One site suggested that the normal dynamic range for humans, runs from 0dbl to 180dbl. Apparently 185-200dbl is sufficient to kill a human, so you can see how there is a lot of BS out there. 150dbl will probably blow your eardrums out...
 

Gray

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Nov 27, 2015
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It's just what has (unrealistically) become accepted as the range of human hearing.
It's so ingrained and figures matter.
....Imagine speakers with a quoted upper response of 15kHz. They would be regarded as inferior. Yet FM radio topped out at 15kHz, apart from the odd dog or bat, I doubt anyone thought FM lacked treble.

Reviewers and users of add-on 100kHz supertweeters swear by them.
Their justification seems to be that the ability to reproduce frequencies we can't hear, greatly benefits those that we can.

I think most of us expect any audio product to at least cover 20 - 20000Hz don't we?
 

Friesiansam

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Feb 3, 2015
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Reviewers and users of add-on 100kHz supertweeters swear by them.
Their justification seems to be that the ability to reproduce frequencies we can't hear, greatly benefits those that we can.
Some people think that raising your speaker cables a couple of inches on blocks, will make a real difference to sound quality. Ho-hum...
 
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Wil

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May 8, 2020
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The things I've read…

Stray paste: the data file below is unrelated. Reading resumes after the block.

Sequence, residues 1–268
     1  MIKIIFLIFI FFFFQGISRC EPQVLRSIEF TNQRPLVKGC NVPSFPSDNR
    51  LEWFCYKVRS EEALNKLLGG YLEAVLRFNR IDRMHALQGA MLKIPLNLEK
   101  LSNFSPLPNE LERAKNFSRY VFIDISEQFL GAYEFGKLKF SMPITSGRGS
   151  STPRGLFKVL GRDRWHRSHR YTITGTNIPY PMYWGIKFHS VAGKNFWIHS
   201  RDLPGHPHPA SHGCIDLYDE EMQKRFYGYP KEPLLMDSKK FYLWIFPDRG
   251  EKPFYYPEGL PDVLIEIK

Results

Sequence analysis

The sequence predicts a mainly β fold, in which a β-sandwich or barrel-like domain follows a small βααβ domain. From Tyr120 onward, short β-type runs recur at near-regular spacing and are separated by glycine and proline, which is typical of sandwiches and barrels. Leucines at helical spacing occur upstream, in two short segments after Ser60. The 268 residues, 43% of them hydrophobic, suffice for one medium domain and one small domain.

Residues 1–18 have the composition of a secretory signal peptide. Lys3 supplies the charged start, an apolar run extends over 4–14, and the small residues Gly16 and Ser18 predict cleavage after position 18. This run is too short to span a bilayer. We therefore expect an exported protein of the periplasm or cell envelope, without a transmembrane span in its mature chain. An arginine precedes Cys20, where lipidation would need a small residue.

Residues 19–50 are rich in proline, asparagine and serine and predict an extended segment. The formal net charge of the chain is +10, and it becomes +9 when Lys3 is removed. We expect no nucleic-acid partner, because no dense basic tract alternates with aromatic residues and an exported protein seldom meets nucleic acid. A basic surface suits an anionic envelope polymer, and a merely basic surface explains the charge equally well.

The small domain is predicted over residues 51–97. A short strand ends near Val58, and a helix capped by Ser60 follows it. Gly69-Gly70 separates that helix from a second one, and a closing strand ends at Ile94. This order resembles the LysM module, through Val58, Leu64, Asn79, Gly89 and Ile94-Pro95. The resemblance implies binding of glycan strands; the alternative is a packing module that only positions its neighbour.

Argue over this:
"Let's assume we have a playback system consisting of a CD player, a preamplifier, a power amplifier and speakers. If each of these has a 20 Hz to 20 kHz frequency response, is this sufficient to reproduce all of the frequencies we can hear? The short answer is no. Here is why:

The frequency response of a system can be determined by summing the frequency response of each component in the audio chain. If two components are - 3 dB at 20 kHz, then together they are - 6 dB at 20 kHz. If we look at our example system, we have four components in the chain: CD player, preamplifier, power amplifier, and speakers. If all are -3 dB at 20 kHz, then we have a system response that is -12 dB at 20 kHz. Worse yet, this system will typically measure -4 dB at 10 kHz. This system will not come close to meeting the performance of our ears! Each individual component was well matched to the limitation of our ears, but as a system, these components cannot achieve anything resembling High-Resolution Audio.



In summary, very high bandwidth is required at each link in the audio chain if we want to assemble a High-Resolution system. Audio components and digital formats that just meet the requirements of the human ear may be entirely inadequate when connected together in a chain.
"
 

Friesiansam